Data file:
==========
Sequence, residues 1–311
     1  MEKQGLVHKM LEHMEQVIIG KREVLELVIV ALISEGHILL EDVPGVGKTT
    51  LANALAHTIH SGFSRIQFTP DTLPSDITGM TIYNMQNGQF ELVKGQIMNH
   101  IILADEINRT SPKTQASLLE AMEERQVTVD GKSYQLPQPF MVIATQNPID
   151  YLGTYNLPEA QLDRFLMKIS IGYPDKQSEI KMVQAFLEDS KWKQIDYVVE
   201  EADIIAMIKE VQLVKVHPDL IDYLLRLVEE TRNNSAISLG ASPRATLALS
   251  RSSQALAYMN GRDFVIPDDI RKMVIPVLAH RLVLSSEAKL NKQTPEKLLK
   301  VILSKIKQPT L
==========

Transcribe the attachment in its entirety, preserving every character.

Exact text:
Sequence, residues 1–311
     1  MEKQGLVHKM LEHMEQVIIG KREVLELVIV ALISEGHILL EDVPGVGKTT
    51  LANALAHTIH SGFSRIQFTP DTLPSDITGM TIYNMQNGQF ELVKGQIMNH
   101  IILADEINRT SPKTQASLLE AMEERQVTVD GKSYQLPQPF MVIATQNPID
   151  YLGTYNLPEA QLDRFLMKIS IGYPDKQSEI KMVQAFLEDS KWKQIDYVVE
   201  EADIIAMIKE VQLVKVHPDL IDYLLRLVEE TRNNSAISLG ASPRATLALS
   251  RSSQALAYMN GRDFVIPDDI RKMVIPVLAH RLVLSSEAKL NKQTPEKLLK
   301  VILSKIKQPT L